by Cathie Ericson
When reflecting on her career, Noriko Umeki wishes she had known earlier the importance of communication, as well as using personal marketing to further her endeavors.
“One day I realized that I wouldn’t be evaluated highly just because I was working on the job in front of me. People who get chances for better positions display a high level of interpersonal abilities so it’s important to expand your network both inside and outside the company by letting people know about you,” she says.
“Each one of us has to seize our opportunities, and in Japan, women are less aware about this concept unfortunately.” However, she adds, over the past years, there have been small but significant strides with the ratio of female managers gradually improving from 2% when she started her career to 12% in Japan.
Increasing Her Profile at PwC and in the Accountant Community
Umeki started her career at PwC as a Japanese Certified Public Accountant (JCPA) and has engaged in accounting services for the past 25 years, becoming a partner in 2009. Her experience in audit services includes both Japanese and foreign companies in the financial service, manufacturing and pharmaceutical industries.
As an ally, Umeki voluntarily became involved in Diversity & Inclusion activities for PwC Japan Group when she became a partner. In the past decade, she has expanded the firm’s D&I activities, improving D&I awareness and cultivating an inclusive culture at PwC Japan. She considers this an important achievement, given that the World Economic Forum has ranked Japan as 110th in the 2018 Gender Gap Report, highlighting that this issue is an ongoing challenge for Japanese companies.
To that end she has focused on producing female leaders, fostering female juniors and promoting support for LGBT+ members at PwC Japan.
In addition to her work with PwC, Umeki has assumed the post of director at Japan Institute of Certified Public Accountants (JICPA) this coming summer. “I am getting very excited to work on whatever I can do to contribute to development of JICPA,” she says. “The job of experts in accounting should be of social significance, and I would very much like to appeal to society so that young brilliant people will know the attractiveness of J-CPAs and be willing to join us.” And, she says, that will include encouraging young female accountants to join the industry, given that the percentage of female J-CPAs is still very low—at only around 20% in Japan.
An Appealing Career
Umeki believes it’s important for young female professionals to realize that they can successfully continue an accounting career through lots of life events.
“One of the attractions in this profession is that we are able to enhance our value through work and to differentiate ourselves from others since we are required to have a deep knowledge and wide experience,” Umeki says. She recommends that women seek their own leadership style and find the work/life balance that works for them.
Sometimes she sees Japanese women hesitating to take higher positions, yet she notices that many males are becoming increasingly supportive. “We females should change our own awareness and try anything when we are given the opportunity, finding the courage to take the next step,” she says.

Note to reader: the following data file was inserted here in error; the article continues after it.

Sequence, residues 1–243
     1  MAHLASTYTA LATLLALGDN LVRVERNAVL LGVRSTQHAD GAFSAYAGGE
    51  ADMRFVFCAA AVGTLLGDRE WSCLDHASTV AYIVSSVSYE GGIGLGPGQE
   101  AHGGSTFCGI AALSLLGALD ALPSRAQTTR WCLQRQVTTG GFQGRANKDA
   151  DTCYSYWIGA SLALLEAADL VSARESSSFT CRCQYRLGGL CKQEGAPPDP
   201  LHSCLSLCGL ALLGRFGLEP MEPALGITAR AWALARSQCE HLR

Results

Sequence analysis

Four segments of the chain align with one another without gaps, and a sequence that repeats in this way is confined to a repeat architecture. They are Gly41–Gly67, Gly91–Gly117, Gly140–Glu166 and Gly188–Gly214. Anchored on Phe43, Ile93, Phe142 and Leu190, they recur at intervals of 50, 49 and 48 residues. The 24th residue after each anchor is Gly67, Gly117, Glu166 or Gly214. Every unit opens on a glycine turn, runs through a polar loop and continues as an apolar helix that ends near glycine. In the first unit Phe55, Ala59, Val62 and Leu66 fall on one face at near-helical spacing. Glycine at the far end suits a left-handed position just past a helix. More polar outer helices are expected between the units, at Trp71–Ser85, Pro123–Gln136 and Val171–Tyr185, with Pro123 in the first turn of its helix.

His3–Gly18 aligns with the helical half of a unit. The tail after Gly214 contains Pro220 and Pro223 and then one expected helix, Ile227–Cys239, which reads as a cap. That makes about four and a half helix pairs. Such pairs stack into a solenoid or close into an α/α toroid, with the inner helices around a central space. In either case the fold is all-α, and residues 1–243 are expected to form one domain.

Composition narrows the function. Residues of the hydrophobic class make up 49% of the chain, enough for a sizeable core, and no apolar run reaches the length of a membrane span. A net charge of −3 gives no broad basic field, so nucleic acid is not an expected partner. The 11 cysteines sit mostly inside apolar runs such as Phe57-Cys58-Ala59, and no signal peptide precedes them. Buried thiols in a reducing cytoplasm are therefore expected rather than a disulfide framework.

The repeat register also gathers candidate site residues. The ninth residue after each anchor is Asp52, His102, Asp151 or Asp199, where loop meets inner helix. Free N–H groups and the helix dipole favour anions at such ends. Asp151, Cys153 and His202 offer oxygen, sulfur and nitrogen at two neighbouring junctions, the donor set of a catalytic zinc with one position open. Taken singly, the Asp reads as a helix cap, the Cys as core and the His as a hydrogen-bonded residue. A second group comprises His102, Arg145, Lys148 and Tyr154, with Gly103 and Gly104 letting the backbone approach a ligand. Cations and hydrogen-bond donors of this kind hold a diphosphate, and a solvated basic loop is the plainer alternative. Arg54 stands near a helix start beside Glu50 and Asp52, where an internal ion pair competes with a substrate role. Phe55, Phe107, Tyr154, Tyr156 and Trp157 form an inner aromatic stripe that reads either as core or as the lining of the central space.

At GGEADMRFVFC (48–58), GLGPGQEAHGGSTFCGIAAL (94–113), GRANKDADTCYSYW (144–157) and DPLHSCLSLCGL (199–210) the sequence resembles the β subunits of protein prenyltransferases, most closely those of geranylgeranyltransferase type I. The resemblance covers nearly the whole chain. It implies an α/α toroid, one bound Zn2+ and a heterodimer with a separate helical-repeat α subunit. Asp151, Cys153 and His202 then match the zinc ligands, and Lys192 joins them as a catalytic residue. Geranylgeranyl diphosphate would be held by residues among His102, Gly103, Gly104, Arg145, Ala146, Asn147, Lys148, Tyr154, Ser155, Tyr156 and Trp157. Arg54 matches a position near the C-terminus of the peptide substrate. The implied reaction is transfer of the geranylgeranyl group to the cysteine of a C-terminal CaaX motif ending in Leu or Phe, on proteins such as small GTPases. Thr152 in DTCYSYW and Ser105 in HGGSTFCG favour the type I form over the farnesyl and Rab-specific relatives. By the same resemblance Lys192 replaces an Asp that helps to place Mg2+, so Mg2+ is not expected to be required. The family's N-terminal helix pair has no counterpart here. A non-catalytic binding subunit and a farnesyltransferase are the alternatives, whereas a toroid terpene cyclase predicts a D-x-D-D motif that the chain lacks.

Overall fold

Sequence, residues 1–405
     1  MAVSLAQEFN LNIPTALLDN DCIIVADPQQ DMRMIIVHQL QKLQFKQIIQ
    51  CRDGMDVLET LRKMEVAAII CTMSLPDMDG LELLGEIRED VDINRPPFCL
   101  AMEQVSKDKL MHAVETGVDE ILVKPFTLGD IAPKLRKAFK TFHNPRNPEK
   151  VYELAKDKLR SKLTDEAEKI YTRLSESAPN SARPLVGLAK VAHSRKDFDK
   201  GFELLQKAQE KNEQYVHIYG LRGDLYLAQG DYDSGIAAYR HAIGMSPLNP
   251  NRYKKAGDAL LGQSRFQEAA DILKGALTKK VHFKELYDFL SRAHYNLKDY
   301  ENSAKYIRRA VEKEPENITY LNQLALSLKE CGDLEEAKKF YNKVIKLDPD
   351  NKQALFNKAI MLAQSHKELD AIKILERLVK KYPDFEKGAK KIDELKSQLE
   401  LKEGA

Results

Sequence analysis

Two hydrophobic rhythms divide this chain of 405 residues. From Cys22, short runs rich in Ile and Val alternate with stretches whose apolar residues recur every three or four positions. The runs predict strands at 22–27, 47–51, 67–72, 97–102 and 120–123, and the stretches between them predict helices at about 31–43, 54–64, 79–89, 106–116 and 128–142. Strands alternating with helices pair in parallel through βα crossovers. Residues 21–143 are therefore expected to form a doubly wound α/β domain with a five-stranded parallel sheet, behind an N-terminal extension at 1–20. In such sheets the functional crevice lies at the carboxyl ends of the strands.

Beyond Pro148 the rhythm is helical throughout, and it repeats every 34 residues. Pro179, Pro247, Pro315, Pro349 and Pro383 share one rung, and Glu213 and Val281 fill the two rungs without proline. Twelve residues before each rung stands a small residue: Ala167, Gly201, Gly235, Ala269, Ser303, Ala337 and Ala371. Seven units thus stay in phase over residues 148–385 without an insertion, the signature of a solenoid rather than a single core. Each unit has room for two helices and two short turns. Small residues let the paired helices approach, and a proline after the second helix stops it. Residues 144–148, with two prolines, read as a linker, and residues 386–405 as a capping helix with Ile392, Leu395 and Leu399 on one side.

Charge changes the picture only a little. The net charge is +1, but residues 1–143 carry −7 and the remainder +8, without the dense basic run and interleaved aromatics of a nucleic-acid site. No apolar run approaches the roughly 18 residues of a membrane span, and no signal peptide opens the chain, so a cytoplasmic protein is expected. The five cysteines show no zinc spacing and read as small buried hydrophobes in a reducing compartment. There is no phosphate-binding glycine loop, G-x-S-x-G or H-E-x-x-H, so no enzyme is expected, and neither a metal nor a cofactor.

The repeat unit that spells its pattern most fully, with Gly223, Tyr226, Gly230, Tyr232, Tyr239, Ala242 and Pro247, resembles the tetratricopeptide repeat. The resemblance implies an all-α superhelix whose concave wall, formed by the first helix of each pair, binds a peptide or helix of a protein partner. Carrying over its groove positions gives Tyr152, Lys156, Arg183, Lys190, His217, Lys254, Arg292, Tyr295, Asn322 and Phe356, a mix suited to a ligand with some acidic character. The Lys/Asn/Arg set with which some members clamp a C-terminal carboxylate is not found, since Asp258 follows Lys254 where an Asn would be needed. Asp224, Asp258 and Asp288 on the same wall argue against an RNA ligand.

Fostering a More Inclusive Culture
The biggest value Umeki has received in becoming an ally for the LGBT+ community is that her perspective has become much wider. “I remember being deeply shocked when I realized that I myself, as a woman, had been discriminating against other minorities unconsciously,” she says. “I was astonished to realize how many people are bound by old stereotypes and customs, but after becoming an ally, I have come to think more about the true nature of the situation. Putting myself in somebody’s shoes is very helpful in my career, as well as in my private life,” Umeki says.
She urges others to deepen their understanding about the LGBT+ community by attending related events or seminars, which will bring D&I issues to light and encourage personal action.
Among some of the advances that have been taken by PwC Japan Group to foster an inclusive culture are establishing an internal network for LGBT+ colleagues and allies. “When companies provide a safe environment, people are able to fulfill their potential to be their best since they will feel safe to be accepted as they are. “ And, Umeki notes, it can help companies attract and retain talented personnel.
She recommends that companies make a point to create that inclusive culture, but also to establish the same benefits for LGBT+ couples as for same-sex marriage, even though Japan does not yet have the necessary legal system.
Trying One New Thing Every Year
Since turning 40, Umeki has made a policy to try one new thing every year; among the new activities she has tried are fishing, yoga, boxing, calligraphy and golf, and she plans to use her accounting acumen to add activities that contribute to issues on women and society.
“I believe that it is never too late to start something when we are supposed to live for 100 years,” she notes.
And although she already cites her most important personal achievement as becoming partner at PwC while raising her two children without suspending her career, she says that from now on, she intends to pursue her career and private life in her own way. “I will enjoy life more,” she says.